Although change appears to be coming, few residential rules are included in the government regulations, and most are vague guidelines. One of the few specific directives available is from the American Society of Heating, Refrigerating, and Air-Conditioning Engineers ( The applicable document is Standard 62-1989: Ventilation for Acceptable Indoor Air Quality. It prescribes an absolute minimum of 100 CFM, or 40 CFM per linear foot of cooking area. On that basis, a 30-inch range needs the minimum. OK, it's specific. But in the end it's not helpful, since my 160 CFM unit, at 60% above the requirement, is not doing the job.

The problem is that neither Broan nor ASHRAE address the real problem: you've got a source of smoke sitting in a specific spot, and you simply want to direct the smoke out of the house. So it's not an issue of power, it's an issue of control. One way to exert control is to make sure that the vent hood covers the entire cooking area, and take advantage of convection. Smoke, along with the hot air, will rise naturally to the fan intake. Island hoods do this job very well, since they usually match or exceed the cooktop in size. This coverage means that they can sit higher than the standard under-cabinet vent hood, which is usually 27 to 30 inches above the cooking surface or 63 to 66 inches above the floor. If the perimeter of an under-cabinet hood matched the cooking surface, anyone of average or above size would be banging their head against it with painful and annoying frequency.

The fact that a typical under-cabinet fan does not cover the entire cooking surface may not be significant for most cooks. It works for my Mom. A colleague of mine was surprised that I used one at all -- hers seems to be most useful as a microwave platform. But if you're still reading this, you are not most cooks. You stir-fry at extreme temperatures. You blacken fish in cast-iron skillets -- on purpose. You sear the edge fat on 2-inch-thick New York strips. But because you sometimes play with vacuum cleaners and shoeboxes, you have also learned that to remove smoke, brute force alone will not avail. The only avenue left is finesse. You have to make the smoke want to go where you want it to go. And as with children, spouses and co-workers, sometimes gentle pressure is most effective. (Arne's note: There is another option: increase the depth of the hoodfan canopy. Most manufacturers offer "commercial depth fans. Nowever as noted in the "Death Star" article this creates its own problem.)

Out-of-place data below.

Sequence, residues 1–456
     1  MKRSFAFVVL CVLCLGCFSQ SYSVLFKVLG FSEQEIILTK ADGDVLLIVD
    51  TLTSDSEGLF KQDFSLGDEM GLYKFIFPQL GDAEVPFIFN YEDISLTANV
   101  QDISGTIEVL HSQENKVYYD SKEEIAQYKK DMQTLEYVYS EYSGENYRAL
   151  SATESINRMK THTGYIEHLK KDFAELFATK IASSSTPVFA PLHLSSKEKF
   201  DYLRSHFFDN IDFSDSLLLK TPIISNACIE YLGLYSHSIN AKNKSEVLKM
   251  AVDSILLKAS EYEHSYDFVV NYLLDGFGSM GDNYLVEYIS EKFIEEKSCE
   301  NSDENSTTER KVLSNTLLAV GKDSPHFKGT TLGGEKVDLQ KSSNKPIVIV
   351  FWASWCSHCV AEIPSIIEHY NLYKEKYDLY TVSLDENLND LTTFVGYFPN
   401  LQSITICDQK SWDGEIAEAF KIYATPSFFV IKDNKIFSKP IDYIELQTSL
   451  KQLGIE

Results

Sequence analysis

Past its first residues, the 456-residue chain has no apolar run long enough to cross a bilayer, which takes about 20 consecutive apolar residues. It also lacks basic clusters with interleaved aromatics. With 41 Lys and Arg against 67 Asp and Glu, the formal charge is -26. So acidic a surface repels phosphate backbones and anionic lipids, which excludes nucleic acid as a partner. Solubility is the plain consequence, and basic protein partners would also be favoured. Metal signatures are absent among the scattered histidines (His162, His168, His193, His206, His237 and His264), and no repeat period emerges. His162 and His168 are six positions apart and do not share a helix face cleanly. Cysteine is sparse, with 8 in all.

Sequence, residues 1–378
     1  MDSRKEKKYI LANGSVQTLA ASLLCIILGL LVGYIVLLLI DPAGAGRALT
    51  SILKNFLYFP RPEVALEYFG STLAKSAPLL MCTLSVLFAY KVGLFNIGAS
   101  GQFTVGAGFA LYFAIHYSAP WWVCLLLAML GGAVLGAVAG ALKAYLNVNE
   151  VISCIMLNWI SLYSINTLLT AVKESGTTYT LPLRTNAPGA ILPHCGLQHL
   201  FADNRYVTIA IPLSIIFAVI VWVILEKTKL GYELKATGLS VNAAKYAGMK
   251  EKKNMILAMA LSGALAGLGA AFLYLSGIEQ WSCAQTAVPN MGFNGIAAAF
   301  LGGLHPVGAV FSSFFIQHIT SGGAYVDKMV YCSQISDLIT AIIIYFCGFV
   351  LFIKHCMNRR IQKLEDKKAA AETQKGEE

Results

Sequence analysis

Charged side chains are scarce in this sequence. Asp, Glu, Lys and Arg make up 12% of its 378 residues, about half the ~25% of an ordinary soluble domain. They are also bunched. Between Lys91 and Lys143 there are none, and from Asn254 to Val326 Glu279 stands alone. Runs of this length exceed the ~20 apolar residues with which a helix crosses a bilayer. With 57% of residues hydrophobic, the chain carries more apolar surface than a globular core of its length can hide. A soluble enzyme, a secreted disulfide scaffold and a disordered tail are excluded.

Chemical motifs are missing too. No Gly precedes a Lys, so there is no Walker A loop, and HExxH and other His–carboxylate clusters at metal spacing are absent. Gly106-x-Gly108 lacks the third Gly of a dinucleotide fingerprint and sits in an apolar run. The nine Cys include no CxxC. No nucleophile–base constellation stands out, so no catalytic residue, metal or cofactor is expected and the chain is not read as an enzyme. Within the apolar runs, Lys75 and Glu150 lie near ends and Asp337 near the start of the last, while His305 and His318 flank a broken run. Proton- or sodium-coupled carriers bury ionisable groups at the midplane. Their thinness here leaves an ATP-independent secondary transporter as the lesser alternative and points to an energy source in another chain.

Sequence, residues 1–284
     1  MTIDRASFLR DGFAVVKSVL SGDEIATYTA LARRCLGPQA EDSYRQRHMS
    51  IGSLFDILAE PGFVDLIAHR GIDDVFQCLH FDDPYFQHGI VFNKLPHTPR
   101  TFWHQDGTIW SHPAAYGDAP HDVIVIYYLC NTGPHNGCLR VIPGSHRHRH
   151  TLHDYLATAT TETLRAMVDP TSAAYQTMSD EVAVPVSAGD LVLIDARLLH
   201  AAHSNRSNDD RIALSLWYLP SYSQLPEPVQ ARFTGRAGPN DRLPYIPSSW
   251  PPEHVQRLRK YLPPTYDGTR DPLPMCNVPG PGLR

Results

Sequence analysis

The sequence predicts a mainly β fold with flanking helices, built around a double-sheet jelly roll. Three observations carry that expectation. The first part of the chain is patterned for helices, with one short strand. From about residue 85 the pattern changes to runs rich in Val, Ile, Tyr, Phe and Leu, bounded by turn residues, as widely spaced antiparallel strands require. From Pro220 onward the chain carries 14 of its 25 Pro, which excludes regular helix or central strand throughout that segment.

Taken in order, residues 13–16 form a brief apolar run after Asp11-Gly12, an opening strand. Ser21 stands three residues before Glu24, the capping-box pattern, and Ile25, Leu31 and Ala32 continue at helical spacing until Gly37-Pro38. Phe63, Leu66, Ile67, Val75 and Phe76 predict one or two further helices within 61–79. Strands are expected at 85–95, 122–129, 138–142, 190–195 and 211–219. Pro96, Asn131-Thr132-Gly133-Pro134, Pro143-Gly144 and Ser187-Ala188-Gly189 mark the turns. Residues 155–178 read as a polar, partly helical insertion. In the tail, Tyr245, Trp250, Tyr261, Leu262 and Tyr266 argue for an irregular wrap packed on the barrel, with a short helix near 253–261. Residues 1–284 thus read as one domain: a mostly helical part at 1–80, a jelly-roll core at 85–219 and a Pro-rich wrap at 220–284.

We learned from our shoebox experiment that negative pressure pulls things in (in the case of our shoebox, it tried to pull the walls in). This is how an exhaust fan works -- it creates an area of continuously regenerated negative pressure by removing the air in the vicinity of the fan.

We can also infer the corollary: positive pressure pushes things away (imagine reversing the motor on your vacuum cleaner while it's still attached to the shoebox). So if we could create an area of positive pressure between the housing of the fan and the outer edge of the cooking surface, we could nudge the rising smoke into the negative pressure area, and it would go up the chimney. Luckily, we have a way to create a high-pressure area: we have a fan right there in our vent hood. With a little duct-work engineering, we can push air out on one side and suck it in at the other. As it turns out, Broan actually makes such a contraption -- the Allure. (Arne's note: Gagganeu and Miele also make such a fan, as do others.)

And so we come to my original plan for this article. I am no Norm Abrams. I am not Handy Andy or Ty Pennington. I'm not even Tim Allen. My first attempt at appliance upgrade left us without a working toilet for three and a half days. That was twenty years ago, and I haven't improved much, except to recognize -- sometimes -- when it would be advisable to call for professional assistance. However, in fulfillment of my manly duties (and so I could go one up on the Magic Board), I set out to install a new vent hood. I expected the installation to be a disaster, but anything that involves power tools, hot air, and a legitimate chance to use duct tape for its intended purpose is too grand to pass up. At the least I would have a great farce for the Webzine. But much to my surprise (and probably that of the rest of the household, though I am too proud to inquire), it works, and I accomplished the feat in less than a day.

I admit that I wasn't confident enough in my own grasp of physics to resist springing for the top-end, 400 CFM boost unit. But we don't use it. Score one for science.

Dave Scantland is an Atlanta-based writer and graphic designer.
Photos and illustrations by the author.